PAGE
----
This week I would like to talk about teaching decision making skills in continuation of the article named.  I want my children to be happy.

In that article I explained how life coaching teens is about giving happiness vs helping our children decide for themselves and giving them the tools to learn. In that article, I also explain the key areas for us to educate our children at the different stages of their life. 

I think this article, I want to continue with the topic of helping our children be happy, but also giving you a bit of a thinking process to use when teaching decision-making skills

So, why am I telling you all this?

 Because during our kids’ formative years, what we tend to do is to provide for our children. We provide material things and give them the best and most supportive environment possible. Nothing wrong there, is it?

However, are we helping them be happy by themselves? Or are we providing the happiness. If it is the latter, then it means that when we are removed (i.e. school, or friend) they might not be as capable of judging by themselves or develop poor decision-making skills. So, how are we equipping them to be happy without us? 

Life Coaching Teenagers

When talking about life coaching teens, one key idea that I share with parents is the Sympathy trap. When our children are facing a difficult situation (and this will vary by age) our instinct will be to jump it. More than helping resolve an issue, we will be tempted to do it for them or virtually do everything.  These behaviours go from writing a note to the teacher, to ask the coach to give him/her more play time. In some cases, parents might keep away from school (he is a bit tired today) several times, or even ask the young person to ignore what their teachers are saying.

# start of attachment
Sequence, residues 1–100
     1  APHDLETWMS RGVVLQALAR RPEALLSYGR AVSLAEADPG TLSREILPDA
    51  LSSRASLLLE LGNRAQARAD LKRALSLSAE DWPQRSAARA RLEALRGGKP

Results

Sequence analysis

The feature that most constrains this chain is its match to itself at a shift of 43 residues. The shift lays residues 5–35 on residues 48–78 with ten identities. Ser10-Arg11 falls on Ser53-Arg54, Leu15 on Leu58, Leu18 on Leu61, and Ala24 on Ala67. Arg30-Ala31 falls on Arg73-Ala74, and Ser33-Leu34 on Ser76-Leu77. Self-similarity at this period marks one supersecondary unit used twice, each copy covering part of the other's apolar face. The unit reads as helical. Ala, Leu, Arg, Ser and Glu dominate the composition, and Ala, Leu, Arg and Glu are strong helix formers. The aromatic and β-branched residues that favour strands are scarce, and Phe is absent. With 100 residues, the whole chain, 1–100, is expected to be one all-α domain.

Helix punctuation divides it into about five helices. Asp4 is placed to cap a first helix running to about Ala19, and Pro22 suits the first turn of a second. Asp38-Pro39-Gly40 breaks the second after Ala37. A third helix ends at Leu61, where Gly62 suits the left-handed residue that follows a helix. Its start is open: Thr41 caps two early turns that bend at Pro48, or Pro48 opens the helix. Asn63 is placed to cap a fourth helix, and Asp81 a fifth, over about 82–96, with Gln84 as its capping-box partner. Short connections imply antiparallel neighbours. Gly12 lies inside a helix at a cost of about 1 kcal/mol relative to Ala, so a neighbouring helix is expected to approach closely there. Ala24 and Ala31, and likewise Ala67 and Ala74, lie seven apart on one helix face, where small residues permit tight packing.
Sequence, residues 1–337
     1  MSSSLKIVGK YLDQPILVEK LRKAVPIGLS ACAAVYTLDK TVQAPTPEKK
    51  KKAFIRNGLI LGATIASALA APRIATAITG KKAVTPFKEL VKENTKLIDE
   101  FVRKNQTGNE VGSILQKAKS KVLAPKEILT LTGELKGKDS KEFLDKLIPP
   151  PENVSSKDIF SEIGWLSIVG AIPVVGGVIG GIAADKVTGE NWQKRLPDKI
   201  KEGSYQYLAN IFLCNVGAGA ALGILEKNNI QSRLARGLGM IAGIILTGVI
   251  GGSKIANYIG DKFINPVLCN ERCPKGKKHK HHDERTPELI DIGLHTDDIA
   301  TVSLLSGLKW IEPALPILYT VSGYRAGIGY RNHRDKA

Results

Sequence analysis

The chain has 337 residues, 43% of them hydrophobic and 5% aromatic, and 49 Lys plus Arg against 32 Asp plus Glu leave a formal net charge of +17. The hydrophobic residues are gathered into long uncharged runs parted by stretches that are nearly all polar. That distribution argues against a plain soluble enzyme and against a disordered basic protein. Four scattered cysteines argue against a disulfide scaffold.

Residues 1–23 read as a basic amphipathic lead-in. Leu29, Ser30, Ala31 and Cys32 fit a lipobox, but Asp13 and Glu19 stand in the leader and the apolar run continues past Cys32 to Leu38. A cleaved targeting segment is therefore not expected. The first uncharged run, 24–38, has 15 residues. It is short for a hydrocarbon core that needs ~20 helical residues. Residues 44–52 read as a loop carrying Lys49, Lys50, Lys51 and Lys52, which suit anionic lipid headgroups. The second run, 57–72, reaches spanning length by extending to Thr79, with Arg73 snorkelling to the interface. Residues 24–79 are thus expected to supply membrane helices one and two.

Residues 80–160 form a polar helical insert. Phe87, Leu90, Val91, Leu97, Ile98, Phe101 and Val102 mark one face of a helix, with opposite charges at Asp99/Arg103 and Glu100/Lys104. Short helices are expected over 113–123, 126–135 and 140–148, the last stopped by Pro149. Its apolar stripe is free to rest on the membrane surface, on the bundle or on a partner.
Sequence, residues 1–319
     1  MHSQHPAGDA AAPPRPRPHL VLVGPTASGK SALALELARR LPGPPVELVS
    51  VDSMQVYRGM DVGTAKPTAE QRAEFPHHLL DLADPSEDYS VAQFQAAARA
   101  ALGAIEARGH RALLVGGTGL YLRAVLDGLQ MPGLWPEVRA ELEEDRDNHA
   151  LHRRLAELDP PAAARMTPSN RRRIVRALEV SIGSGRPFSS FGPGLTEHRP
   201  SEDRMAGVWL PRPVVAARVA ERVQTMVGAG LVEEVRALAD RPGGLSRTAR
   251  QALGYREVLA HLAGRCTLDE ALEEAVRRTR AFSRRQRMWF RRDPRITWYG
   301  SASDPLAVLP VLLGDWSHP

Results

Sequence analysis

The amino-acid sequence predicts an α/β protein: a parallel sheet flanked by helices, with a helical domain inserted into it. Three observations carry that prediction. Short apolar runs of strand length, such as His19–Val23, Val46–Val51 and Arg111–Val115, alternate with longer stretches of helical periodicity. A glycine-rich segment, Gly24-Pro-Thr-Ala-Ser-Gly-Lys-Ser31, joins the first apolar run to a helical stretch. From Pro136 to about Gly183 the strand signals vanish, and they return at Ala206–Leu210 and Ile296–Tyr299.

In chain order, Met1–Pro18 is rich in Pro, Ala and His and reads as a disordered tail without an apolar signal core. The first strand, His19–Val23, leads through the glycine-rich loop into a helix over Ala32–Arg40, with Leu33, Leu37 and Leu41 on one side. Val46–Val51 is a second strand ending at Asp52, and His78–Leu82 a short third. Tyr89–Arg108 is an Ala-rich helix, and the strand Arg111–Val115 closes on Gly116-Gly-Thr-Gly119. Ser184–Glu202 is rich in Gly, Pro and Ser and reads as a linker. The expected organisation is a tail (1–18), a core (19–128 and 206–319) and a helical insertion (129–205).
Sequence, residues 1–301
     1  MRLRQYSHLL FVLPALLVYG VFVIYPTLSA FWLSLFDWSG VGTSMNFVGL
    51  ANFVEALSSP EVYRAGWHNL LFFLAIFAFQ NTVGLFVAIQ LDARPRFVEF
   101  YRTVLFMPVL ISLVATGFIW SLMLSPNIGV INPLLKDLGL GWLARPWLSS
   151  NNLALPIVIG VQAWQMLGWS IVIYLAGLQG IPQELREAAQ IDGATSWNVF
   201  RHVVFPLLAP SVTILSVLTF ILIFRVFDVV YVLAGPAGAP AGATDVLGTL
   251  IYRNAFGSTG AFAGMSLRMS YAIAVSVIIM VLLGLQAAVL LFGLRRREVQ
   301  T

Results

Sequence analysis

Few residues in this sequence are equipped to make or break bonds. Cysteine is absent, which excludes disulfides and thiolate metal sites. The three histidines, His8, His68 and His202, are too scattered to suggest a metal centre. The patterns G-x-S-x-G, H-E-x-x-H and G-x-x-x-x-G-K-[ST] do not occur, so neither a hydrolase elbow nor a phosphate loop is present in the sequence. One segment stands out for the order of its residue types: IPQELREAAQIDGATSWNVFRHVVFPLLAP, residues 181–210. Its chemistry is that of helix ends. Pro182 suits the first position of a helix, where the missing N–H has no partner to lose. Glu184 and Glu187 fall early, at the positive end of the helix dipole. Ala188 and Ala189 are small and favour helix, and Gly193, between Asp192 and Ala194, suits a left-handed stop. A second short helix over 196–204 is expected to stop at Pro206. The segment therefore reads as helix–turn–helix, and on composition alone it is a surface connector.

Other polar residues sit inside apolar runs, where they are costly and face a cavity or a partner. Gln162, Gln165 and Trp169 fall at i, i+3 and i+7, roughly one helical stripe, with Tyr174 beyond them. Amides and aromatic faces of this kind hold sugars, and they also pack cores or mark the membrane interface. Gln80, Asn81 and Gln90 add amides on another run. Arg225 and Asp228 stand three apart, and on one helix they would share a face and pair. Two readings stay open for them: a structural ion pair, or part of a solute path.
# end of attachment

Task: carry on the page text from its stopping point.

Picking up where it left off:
Now, with our hand on our hearts… who can blame the parents? We just want to give them as much happiness as possible. Also, it makes us feel good, loved, great loving parents and that time and those hugs we get when we resolve the situation make us feel like superman/woman.

On the other hand, children will learn, slowly but surely, that when they feel delicate (and this is a vague word on purpose) they will be getting support. As this action-reaction is repeated a pattern might be created with a powerful underlying message: dad/mum will solve it for me. Rather than using their decision-making skills and feeling empowered.  

Having worked as a teen life coach for many years, I need to highlight a possible further step, we can also see a potential (as not every kid will develop it) belief being formed: I cannot resolve it by myself because I am….. (insert here your choice of words and you won’t go far off: weak, unreliable, clumsy, shy, etc). 

When those beliefs are formed in a child’s mind, it becomes so entrench that will start limiting them. Their confidence, self-esteem goes and they will start either retrieving into themselves (pulling out of things they enjoy), giving up easily or becoming disproportionately competitive (as a way of masking their lack of confidence and lack of decision making skills).

And we have now created for ourselves the sympathy trap.

Our kid is delicate, can we fix it and give them back decision making skills?

Darn, I keep hearing Bob the Builder all around: can we fix it? Yes, we can! And the more we fix things, the more they need us to fix them for them.